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General Fiction

Under the Golden Sun by Jenny Ashcroft

Reviewed by Wendy Lipke Sometimes when you start reading a book you feel compelled to keep on reading until the whole story emerges. This is how it was for me with Jenny Ashcroft’s Under The Golden Sun. I kept being driven back to continue reading. It is hard to understand why. Was it because the

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General Fiction

When I Come Home Again by Caroline Scott

Reviewed by Wendy Lipke In chapter one of this book I was confronted, in the first paragraph, with a five and a half line or sixty-four word sentence which required me to backtrack and re-read it to get the full benefit of all those words. This was followed by the introduction of the central characters

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General Fiction

All Our Shimmering Skies by Trent Dalton

Reviewed by Rod McLary Trent Dalton’s first book – Boy Swallows Universe – was a best-seller and may soon be made into a film.  Partly based on the author’s life, the book told the story of Eli and is one of love, family and coming-of-age – all told with a touch of magic. The magic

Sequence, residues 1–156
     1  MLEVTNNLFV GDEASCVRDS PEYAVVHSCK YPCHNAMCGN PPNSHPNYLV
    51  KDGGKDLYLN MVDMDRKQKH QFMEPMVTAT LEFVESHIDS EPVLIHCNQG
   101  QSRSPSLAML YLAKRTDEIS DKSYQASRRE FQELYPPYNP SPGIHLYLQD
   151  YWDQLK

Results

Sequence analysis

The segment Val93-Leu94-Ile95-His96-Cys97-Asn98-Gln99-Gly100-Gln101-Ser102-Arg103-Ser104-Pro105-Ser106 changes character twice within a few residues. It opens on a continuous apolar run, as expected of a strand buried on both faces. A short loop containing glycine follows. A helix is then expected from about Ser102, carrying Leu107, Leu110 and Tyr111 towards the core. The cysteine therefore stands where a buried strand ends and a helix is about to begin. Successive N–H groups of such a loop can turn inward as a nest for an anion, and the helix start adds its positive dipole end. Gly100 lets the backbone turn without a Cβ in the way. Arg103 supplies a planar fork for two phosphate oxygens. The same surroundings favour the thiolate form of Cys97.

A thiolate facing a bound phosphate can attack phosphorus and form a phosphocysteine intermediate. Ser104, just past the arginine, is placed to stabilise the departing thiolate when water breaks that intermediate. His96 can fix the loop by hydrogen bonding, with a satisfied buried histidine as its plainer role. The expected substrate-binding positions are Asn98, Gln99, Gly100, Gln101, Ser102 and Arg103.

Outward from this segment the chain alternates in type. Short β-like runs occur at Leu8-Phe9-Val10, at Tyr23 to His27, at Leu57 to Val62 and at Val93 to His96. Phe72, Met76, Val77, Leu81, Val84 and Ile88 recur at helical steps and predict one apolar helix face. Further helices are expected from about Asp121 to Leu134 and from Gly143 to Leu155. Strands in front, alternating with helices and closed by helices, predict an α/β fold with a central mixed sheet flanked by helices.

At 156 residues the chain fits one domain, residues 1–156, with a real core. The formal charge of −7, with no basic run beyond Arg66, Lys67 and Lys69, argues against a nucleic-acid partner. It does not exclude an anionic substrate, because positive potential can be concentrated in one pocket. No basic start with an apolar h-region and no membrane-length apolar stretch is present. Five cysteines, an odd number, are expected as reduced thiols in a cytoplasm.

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General Fiction

The Great Escape from Woodlands Nursing Home by Joanna Nell

Reviewed by Wendy Lipke The prologue to The Great Escape from Woodlands Nursing Home, with its juxtapositioning of a fall from a rickety ladder with the drift into an anaesthetic induced sleep, was an interesting introduction to this novel. Dr Joanna Nell, the author of this book, spent a considerable amount of time in nursing homes